bb) In the case at hand, the parties agreed on the purchase of a "good-as-new" machine. This is undisputed in the present default proceedings, but can, in any case, be seen explicitly from the confirmation of order of the [Seller] dated 20 January 2003, in which the [Seller] expressly describes the machine as "good-as-new" (p. 10). In this way, it goes without saying that a "good-as-new" machine must also be understood as implying the ability to function. In any case, the [Seller]'s confirmation of order expressly provided for the "commencement of operation [of the assembled machine] (...) by [the [Seller]'s] personnel" (p. 11), which, in turn, clearly indicates that both parties had assumed that the machine was able to function and that this, thereby, constituted a term of the contract. Therefore, based on the concluded sales contract, the [Buyer] could expect that the machine functioned and would be put into operation by the [Seller]'s personnel. Thereby, the machine's inability to function and the fact that it was never put into operation, without a doubt, constitute a fundamental breach of contract within the meaning of Art. 25 CISG.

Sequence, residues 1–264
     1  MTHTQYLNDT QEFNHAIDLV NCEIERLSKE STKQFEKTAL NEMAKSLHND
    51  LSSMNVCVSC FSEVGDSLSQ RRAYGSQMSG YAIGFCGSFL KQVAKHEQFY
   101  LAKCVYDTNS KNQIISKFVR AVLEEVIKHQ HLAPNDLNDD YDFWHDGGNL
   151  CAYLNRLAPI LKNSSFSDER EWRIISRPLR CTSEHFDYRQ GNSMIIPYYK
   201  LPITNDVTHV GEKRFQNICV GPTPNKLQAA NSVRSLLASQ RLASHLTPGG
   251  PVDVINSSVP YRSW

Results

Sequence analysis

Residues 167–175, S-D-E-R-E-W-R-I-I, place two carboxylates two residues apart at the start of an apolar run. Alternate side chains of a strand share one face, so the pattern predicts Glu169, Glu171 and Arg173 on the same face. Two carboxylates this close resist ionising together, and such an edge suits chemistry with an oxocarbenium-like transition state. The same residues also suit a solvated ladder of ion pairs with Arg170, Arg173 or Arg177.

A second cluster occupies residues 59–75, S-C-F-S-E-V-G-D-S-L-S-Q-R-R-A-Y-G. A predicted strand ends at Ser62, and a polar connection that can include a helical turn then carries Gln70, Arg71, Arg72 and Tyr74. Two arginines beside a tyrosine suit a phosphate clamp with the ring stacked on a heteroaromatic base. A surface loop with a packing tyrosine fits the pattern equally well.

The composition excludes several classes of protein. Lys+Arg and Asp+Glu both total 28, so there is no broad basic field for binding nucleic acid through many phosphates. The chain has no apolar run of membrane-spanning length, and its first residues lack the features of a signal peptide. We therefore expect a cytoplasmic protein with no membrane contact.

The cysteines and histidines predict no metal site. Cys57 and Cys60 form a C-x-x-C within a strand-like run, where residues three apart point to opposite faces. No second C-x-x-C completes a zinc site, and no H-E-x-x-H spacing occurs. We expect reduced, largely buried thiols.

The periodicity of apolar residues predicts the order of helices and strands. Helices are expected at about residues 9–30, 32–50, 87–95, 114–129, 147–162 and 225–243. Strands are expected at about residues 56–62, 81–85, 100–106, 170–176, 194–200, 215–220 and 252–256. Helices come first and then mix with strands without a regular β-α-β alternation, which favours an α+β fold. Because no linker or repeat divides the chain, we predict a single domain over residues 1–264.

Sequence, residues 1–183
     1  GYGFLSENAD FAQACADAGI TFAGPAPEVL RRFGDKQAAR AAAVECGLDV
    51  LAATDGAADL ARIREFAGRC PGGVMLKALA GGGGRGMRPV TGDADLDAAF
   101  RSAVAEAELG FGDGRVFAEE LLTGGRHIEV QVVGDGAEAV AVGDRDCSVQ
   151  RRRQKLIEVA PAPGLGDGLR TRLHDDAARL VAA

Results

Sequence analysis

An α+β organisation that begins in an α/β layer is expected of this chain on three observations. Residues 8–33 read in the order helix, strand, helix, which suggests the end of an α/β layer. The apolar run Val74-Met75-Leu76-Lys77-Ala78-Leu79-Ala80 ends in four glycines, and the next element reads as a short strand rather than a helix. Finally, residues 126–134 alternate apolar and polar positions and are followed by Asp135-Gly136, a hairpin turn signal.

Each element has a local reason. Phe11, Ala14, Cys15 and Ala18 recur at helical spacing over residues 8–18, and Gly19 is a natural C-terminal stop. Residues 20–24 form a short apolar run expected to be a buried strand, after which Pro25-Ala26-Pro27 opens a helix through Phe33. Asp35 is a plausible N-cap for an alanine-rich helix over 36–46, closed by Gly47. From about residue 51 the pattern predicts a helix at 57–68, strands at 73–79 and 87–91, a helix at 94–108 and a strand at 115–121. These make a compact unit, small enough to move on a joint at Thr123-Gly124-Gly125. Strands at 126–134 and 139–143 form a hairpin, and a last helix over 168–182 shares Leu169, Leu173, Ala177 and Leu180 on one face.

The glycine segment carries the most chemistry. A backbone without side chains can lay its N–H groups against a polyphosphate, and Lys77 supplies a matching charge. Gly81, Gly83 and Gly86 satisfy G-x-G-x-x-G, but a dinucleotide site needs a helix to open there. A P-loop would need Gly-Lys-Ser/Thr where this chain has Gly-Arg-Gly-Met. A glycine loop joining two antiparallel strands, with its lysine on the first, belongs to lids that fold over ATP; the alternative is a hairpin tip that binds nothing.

The [Buyer] notified the [Seller] of the machine's (general) inability to function immediately after delivery in October 2003, and before assembly commenced (cf. facts 8, 9 and 10). The notification of the lack of conformity thereby took place within a reasonable period of time (Art. 39(1) CISG; cf. also Art. 38(2) CISG) and suffices, as already seen, as a description of the type of lack of conformity within the meaning of Art. 39(1) CISG. With its letter dated 25 November 2003, the [Buyer] then declared the contract avoided (p. 12). As delivery took place sometime in October 2003 -- there is no need to determine the precise date -- and the [Seller] was offered the possibility of assembling the machine upon giving a guarantee, which, however, it did not do, and subsequently failed to contact the [Buyer] (facts 11 and 12), and the goods were not perishable, the Cantonal Court regarded the declaration of avoidance as being made within a reasonable period of time (Art. 49(2)(b)(i) CISG). Here, on the basis of the files, it has to be taken into account that the [Buyer] initially had various people (electronic mechanic, civil engineer, a metal construction tradesman, pressurized air technician) make reports on the machine (p. 13), which was also time-consuming. On the basis of the foregoing, the formal requirements for the declaration of avoidance have been met. Thus, as it is not apparent from the files that the [Seller]'s performance can no longer be restituted in the same condition in which it was originally made (Art. 82(2) CISG), nothing is standing in the way of an avoidance of contract. Accordingly, the sales contract concluded between the parties is avoided.